Darlene Love, perhaps the quintessential underdog, started her career singing for Phil Spector (largely defining his sound, really, since she sang most of it) and formed the first black girl group in an era when televised backup singers were all Wonderbra Wonderbread. ‘We called them “readers,”’ Love says; proper white ladies singing notes off a page, not from the heart, or from the groin. Love brought sex, musicality, and passion. For Spector, she sang songs that she was assured would be her breakout only to hear them on the radio credited to other groups, groups who may never even had heard the song. It is her voice on ‘He’s a Rebel,’ ‘Christmas (Baby Please Come Home),’ ‘Baby I Need Your Loving,’ and ‘The Tracks of My Tears’; her voice behind Elvis Presley, James Brown, Buck Owens, the Beach Boys, and even Cheech and Chong. She had her breakout in the mid-1970s, escaping Spector and signing a contract with a rival studio as a solo artist, only to be cruelly—and like chattel—sold back to Spector without her knowledge and consent. She left the business and started cleaning rich peoples’ toilets. Finally, in her mid-70s, she was inducted into the Rock and Roll Hall of Fame.
Perhaps the singer with the most unalloyed joy in her voice but the most pathos in her story is Lisa Fischer. Scenes of her on the street—standing in line at the post office, she is indistinguishable, an unassuming, timid, ordinary face in the crowd—are juxtaposed with footage of her singing an a cappella scat, a gentle orchestra of vocal possibilities, all from the same woman (or, later, in a split screen, singing all four parts of a chorale). ‘Lisa is a monster talent but doesn’t talk about it,’ says Jo Lawry, Sting’s backup vocalist, ‘a freak of nature’; she didn’t have the ego strength or the competitiveness and desponded at the game stars are required to play—‘Something about that feels slimy to me.’ She is in love only with the music; quietly, with humility, with zen acceptance. It’s a supertalent channeled into a meek vessel, and when the music takes over, she becomes elemental, a prime entity. In footage of her singing ‘Gimme Shelter’ with the Stones (she’s toured with them since 1989), she not only holds her own with Mick Jagger, she pummels him; in a battle of sex and predation, she wins, and he’s left a husk. When she steps back to her mic upstage to join the other back up singers, it’s devastating. Alone, in her small cluttered apartment, she’s nearly non-existent, listlessly finding her Grammy Award tucked under a spill of files and broken cardboard boxes. There is something heartbreaking in her self-erasure; she’s never ‘hooked into one man’ because ‘I belong to everybody.’ She herself doesn’t even seem convinced by that explanation. But, what is abundantly clear, is that purity of the music is the only thing that counts: it’s the singing not the singer.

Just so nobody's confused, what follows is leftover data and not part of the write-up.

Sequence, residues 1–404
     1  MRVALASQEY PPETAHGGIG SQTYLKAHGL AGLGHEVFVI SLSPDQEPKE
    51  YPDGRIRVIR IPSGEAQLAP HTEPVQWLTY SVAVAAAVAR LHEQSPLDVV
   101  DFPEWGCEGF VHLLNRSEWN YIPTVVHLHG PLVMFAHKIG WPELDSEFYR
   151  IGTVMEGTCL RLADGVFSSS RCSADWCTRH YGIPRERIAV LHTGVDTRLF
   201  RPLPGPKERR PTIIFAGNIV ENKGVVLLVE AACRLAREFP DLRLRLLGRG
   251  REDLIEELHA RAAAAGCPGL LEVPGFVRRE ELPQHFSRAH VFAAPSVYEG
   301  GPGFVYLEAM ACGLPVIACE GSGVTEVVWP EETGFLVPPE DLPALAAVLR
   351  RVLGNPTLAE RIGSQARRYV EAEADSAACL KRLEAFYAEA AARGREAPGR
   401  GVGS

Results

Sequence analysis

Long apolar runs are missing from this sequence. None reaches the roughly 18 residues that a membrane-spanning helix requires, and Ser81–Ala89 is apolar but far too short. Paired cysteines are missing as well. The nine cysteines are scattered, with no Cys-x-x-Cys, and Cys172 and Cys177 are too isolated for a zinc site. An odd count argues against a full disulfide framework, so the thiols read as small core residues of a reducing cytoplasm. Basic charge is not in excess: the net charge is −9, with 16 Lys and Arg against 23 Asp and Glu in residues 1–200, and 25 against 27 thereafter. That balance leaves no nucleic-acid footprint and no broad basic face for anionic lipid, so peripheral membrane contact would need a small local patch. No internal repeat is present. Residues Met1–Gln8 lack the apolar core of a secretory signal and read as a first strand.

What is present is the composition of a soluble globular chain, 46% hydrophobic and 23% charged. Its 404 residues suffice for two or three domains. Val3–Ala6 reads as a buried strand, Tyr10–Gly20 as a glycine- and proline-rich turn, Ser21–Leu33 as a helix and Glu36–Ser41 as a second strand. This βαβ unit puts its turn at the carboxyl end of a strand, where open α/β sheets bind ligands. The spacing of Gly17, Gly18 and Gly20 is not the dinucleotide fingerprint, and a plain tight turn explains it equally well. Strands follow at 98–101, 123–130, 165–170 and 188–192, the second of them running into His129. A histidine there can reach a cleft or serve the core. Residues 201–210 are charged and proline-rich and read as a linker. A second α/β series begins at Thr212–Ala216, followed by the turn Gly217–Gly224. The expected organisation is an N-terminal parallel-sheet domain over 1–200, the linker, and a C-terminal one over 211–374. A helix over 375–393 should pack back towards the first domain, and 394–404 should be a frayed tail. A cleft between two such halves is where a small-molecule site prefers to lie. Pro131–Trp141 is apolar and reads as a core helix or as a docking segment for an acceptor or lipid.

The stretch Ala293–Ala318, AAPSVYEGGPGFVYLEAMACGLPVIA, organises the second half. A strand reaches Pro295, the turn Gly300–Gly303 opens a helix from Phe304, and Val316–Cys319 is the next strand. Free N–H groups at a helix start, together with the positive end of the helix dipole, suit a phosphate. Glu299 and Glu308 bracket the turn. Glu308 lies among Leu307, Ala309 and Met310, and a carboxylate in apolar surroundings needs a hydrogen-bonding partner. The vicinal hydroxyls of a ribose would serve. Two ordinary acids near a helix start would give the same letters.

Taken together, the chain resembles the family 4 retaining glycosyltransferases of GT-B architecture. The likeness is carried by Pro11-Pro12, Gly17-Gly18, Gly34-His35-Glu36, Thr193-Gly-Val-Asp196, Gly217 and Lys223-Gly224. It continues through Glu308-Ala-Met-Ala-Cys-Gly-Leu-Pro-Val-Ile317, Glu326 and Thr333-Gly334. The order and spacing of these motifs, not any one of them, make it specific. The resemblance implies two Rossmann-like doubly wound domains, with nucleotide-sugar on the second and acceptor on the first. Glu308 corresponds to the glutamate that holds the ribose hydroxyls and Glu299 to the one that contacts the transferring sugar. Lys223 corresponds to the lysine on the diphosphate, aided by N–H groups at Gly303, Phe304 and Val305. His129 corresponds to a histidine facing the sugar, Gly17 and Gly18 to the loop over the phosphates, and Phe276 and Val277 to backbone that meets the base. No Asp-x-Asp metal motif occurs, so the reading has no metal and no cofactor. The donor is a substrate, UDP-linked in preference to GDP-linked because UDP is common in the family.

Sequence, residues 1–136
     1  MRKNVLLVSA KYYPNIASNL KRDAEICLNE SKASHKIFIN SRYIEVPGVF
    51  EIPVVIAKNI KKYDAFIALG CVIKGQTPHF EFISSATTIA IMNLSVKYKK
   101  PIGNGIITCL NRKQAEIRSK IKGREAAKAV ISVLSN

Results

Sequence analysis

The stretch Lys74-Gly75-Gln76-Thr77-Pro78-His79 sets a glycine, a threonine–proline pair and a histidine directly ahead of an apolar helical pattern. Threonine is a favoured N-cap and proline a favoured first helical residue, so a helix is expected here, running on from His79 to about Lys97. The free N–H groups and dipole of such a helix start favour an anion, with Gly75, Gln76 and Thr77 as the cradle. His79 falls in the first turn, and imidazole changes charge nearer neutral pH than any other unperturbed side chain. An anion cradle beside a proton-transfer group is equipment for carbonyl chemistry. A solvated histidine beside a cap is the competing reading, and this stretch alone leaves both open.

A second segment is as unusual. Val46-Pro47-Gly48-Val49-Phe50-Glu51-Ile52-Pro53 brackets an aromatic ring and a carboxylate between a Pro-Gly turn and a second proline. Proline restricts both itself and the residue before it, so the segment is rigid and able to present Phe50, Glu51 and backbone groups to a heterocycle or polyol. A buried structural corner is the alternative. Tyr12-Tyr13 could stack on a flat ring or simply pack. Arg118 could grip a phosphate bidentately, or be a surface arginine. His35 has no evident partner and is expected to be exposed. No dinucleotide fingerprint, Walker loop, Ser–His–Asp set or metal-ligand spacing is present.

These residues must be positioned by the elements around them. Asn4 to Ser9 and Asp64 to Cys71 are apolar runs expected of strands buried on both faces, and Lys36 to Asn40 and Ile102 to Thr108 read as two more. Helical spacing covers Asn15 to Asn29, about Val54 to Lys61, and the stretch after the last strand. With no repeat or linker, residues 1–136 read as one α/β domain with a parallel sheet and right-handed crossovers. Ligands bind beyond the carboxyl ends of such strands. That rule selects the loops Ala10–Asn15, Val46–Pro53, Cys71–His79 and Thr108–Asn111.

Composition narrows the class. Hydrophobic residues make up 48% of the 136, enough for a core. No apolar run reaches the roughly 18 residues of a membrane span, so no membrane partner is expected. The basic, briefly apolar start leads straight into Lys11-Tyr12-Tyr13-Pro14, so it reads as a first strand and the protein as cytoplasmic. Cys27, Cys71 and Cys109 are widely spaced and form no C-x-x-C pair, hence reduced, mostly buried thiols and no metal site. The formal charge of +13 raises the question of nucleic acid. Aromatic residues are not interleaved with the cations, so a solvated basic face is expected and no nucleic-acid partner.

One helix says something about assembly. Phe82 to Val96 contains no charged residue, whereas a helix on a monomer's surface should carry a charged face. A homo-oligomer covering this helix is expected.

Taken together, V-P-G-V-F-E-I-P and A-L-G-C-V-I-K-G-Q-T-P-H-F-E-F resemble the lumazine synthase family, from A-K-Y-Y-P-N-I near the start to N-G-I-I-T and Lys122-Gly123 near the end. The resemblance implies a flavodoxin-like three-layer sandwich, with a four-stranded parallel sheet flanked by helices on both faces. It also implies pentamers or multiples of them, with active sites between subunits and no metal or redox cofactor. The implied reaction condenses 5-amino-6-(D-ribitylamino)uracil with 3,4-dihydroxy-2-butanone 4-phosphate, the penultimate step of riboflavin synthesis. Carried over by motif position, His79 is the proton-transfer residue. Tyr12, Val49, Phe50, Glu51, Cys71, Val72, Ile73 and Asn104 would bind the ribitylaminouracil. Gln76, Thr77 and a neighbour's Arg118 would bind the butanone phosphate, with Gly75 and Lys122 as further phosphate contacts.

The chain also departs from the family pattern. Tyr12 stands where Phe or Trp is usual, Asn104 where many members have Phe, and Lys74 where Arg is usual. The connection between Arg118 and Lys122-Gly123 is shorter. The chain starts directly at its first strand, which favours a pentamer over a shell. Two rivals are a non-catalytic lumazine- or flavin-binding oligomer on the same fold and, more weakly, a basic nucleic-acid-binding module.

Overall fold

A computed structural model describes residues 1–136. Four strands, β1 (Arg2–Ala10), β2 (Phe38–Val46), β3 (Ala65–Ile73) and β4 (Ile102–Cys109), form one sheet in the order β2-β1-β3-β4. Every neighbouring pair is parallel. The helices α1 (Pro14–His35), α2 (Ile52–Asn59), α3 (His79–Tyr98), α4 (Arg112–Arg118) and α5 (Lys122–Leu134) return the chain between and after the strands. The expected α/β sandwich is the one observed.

That, in essence, encapsulates what is this rare and indispensible breed of talent, the backup singer. The commonest denominator is that pretty much all of them grew up children of ministers. Dr. Mable John, in fact, actually became one herself—from the Raelettes to the pulpit of the BJ Marina Christian Center. It’s not coincidence, it’s instructive. They all learned that singing was a communal effort, about harmony not solos, about something other than oneself; it was transformative and had nothing to do with the worldly. It is a form of communal celebration, and your voice was to be used in service to a higher being; God, maybe, or Ray Charles, Joe Cocker, or David Bowie.
And 20 Feet From Stardom is a celebration. It’s not an interrogation of race or gender—that’s not this movie—it’s solely about the voice. It’s not even an indictment of the music industry; Phil Spector doesn’t come off so well, but when does he? He’s seen as an individual sleazoid, not a metonymy of the industry as a whole. That, too, is a different movie (and perhaps more accurate). But never mind all that; focus on the joy. And feel good.